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“Bite-Size Bits of Local, National, and Global History”
“Bite-Size Bits of Local, National, and Global History”
Near Dayville in Grant County, Oregon — The American West (Northwest)
 

Picture Gorge Basalts

John Day Fossil Beds National Monument

 
 
Picture Gorge Basalts Marker image. Click for full size.
By Duane Hall, September 9, 2010
1. Picture Gorge Basalts Marker
Inscription. The dark layers of Picture Gorge were formed from seventeen distinct floods of lava flowing from nearby cracks in the earth. These basalt flows joined with others covering much of eastern Washington and Oregon, and northern Idaho, beginning about 16 million years ago. Powerful forces have since broken and tilted the land. Erosion has shaped it, the river cutting this gorge.

The bottom two layers of the gorge are the same two that cap Sheep Rock peak, behind you. In recent centuries, American Indian pictographs were drawn upon the rock, giving the gorge its name.


As the surface of each new lava flow rapidly cooled to a crust, the interior remained hot and somewhat fluid for many years. Heat released above the hot flow into the atmosphere was much faster than heat released from the bottom into the earth. A jumbled, shattered appearance in the hardened, upper layer resulted from the quicker cooling, and subsequent cracking of the lava flow downward from the top.


Over 70 miles to the south, a violent volcanic explosion sent a fiery torrent of superheated gases, ash, and large particles sweeping across the surface of the land. This surge slowed and settled, welding into hard rock called ignimbrite. The high, flat-topped mesa, capped with his ignimbrite layers, is part of the Rattlesnake Group.


Vertical
Timeline of Picture Gorge Basalts image. Click for full size.
By Duane Hall, September 9, 2010
2. Timeline of Picture Gorge Basalts
Close-up of graphic on marker
columns formed when the molten lave slowly cooled, contracted and cracked uniformly, upward from the bottom of the layer, forming six-sided pillars. In this region, basalt layers commonly feature both jumbled and columnar patterns, making each layer look like two layers.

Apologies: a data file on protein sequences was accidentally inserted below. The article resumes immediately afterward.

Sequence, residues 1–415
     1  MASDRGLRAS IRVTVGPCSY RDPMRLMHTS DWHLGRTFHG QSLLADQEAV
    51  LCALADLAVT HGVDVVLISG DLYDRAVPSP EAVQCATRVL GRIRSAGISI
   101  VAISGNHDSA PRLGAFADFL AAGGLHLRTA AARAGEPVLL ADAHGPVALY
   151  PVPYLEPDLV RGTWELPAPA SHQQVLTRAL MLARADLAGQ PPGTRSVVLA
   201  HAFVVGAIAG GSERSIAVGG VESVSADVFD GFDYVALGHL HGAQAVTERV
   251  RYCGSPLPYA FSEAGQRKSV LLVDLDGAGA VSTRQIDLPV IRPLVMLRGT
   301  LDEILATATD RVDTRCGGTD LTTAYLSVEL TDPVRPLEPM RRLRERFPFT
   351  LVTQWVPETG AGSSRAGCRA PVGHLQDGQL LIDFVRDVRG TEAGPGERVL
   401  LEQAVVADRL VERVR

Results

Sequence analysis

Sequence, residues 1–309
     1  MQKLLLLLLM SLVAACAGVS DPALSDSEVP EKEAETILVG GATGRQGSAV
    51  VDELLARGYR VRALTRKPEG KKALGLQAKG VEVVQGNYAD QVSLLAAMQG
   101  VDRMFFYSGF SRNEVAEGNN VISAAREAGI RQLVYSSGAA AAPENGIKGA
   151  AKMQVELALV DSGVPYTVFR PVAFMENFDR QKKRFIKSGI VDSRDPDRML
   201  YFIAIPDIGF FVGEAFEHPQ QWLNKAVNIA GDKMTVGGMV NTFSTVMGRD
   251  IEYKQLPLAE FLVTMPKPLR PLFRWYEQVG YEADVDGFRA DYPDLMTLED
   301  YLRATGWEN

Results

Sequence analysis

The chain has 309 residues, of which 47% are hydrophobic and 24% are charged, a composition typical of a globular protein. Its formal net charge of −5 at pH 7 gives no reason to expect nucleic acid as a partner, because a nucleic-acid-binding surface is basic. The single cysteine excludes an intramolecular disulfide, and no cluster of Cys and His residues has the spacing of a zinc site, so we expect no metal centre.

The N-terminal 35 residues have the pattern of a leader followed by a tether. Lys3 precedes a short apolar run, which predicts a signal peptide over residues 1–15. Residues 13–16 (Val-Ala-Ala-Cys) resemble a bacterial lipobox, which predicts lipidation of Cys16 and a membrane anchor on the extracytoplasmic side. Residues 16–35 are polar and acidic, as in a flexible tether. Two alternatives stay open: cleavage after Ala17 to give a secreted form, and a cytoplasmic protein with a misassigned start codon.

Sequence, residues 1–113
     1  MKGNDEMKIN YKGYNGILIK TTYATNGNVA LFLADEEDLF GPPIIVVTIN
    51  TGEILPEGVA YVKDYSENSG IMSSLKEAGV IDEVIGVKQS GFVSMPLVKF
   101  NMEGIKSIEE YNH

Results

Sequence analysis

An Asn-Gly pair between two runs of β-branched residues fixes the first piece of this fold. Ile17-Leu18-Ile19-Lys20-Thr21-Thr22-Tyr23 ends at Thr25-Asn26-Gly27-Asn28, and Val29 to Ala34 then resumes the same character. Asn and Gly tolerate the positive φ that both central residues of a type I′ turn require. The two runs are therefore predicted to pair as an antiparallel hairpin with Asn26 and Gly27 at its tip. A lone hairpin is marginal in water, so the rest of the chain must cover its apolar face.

Erected by National Park Service.
 
Location. 44° 31.873′ N, 119° 38.122′ W. Marker is near Dayville, Oregon, in Grant County. Marker is on Oregon Route 19 0.2 miles north of U.S. 26, on the left when traveling north. Click for map. Marker is just north of the southern entrance into the Sheep Rock Unit of John Day Fossil Beds National Monument. Marker is in this post office area: Dayville OR 97825, United States of America.
 
More about this marker. The background photograph of the marker shows the marker itself and its relative location in the gorge.
 
Categories. Natural Features
 
Picture Gorge Basalts image. Click for full size.
By Duane Hall, September 9, 2010
3. Picture Gorge Basalts
View to the south from the marker
Picture Gorge Basalts image. Click for full size.
By Duane Hall, September 9, 2010
4. Picture Gorge Basalts
View to the south from State Route 19 approx. one mile north of marker
Sheep Rock image. Click for full size.
By Duane Hall, September 9, 2010
5. Sheep Rock
View to the north from the marker
 
 
Credits. This page originally submitted on , by Duane Hall of Abilene, Texas. This page has been viewed 320 times since then and 4 times this year. Photos:   1, 2, 3, 4, 5. submitted on , by Duane Hall of Abilene, Texas. This page was last revised on June 16, 2016.
 
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